World’s smallest penguins will make a splash at Birch Aquarium starting next year

It will be the first time in the La Jolla aquarium’s century-plus history that it’s housed seabirds.


Wander inside La Jolla’s Birch Aquarium by next summer and you’ll be able to see the world’s tiniest penguins and learn how their fate is tied to that of our oceans, the aquarium announced Sept. 14.

Sixteen little blue penguins will live in a new outdoor habitat that will open by summer 2022, with construction to begin Monday, Sept. 27. The aquarium will be closed to the public for the construction through Thursday, Sept. 30.

This will mark the first time the 116-year-old Birch Aquarium has housed seabirds. Their addition is part of a shift from using aquariums to draw oohs and ahhs to sparking conversations about the health of the natural world, according to Harry Helling, the aquarium’s director.

“Our field needs to and is pivoting [in] a world that itself is changing, confronting enormous challenges,” Helling said. “That has a lot to do with the fact that the issues we face as a planet have become more urgent over the last decade.”

Birch Aquarium, run by UC San Diego’s Scripps Institution of Oceanography, draws about 500,000 visitors a year and is home to 6,000 animals.

The penguin exhibit, known as the Beyster Family Little Blue Penguins habitat, was made possible in part by the family’s $1 million gift. It’s also the result of planning that began in 2015, when aquarium staff began thinking of new ways to get visitors excited about conservation, according to director of animal care Jennifer Nero Moffatt.

She said penguins were an obvious candidate because of their quirky charisma. The flightless tuxedoed birds waddle across land like infants taking their first steps. But once they reach water, their torpedo-shaped bodies rocket through the sea with an ease that would make Olympic swimmers envious.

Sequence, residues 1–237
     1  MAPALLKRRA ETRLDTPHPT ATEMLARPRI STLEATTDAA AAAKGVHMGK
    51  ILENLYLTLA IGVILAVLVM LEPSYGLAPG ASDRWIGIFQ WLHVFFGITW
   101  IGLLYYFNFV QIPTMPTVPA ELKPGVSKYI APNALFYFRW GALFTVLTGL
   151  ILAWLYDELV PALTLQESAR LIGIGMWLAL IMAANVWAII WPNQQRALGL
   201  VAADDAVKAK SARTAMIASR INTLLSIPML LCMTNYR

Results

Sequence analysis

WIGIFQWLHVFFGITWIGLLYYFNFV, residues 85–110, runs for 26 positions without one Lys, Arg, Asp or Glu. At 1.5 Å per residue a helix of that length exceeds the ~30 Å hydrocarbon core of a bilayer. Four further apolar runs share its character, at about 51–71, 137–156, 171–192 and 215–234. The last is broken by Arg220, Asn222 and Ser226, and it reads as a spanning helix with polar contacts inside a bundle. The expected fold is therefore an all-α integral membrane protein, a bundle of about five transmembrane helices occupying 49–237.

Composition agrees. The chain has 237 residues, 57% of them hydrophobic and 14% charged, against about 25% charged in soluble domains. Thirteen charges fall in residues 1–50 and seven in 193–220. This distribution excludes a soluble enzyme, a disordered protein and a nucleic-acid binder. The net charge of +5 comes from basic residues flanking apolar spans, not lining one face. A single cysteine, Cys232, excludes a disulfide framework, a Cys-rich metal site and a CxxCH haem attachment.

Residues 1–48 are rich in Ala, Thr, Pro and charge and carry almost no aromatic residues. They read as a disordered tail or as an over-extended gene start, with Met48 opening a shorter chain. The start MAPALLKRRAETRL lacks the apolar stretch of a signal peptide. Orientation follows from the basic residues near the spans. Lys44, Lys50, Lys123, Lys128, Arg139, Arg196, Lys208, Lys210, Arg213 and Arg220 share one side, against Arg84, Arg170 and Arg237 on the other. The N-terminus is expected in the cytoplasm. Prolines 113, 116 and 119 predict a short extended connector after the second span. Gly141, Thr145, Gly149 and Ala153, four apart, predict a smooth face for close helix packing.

“It’s so easy to just look at them and have joy and delight,” Moffatt said. “We want people to have an understanding that these are birds and they’re not any different than the birds that are represented here in Southern California.”

Visitors will get to see the penguins feeding and breeding, squawking and squabbling in a habitat that includes an 18,000-gallon pool as well as a rocky and sandy shore. The exhibit can house up to 40 penguins, and aquarium staff hopes the birds will form a successful breeding colony.

Little blue penguins, named for the blue sheen of their coats, are native to southern Australia, Tasmania and New Zealand. The tiny birds stand no taller than a foot and weigh no more than 3 pounds, but they eat 20 percent of their body weight each day. That would be like the average American man eating 40 pounds a day.

Researchers estimate there are 1 million little blue penguins worldwide, and they’re not a threatened species. But that could change, Moffatt said, as other penguin species are declining due to ocean pollution, reduced food sources and other factors likely to worsen in coming years. That makes tracking penguin populations a useful way to gauge ocean health.

“We will use this as a platform to talk about local seabirds and the way we use local seabirds to understand the health of our local ecosystem,” Helling said. ◆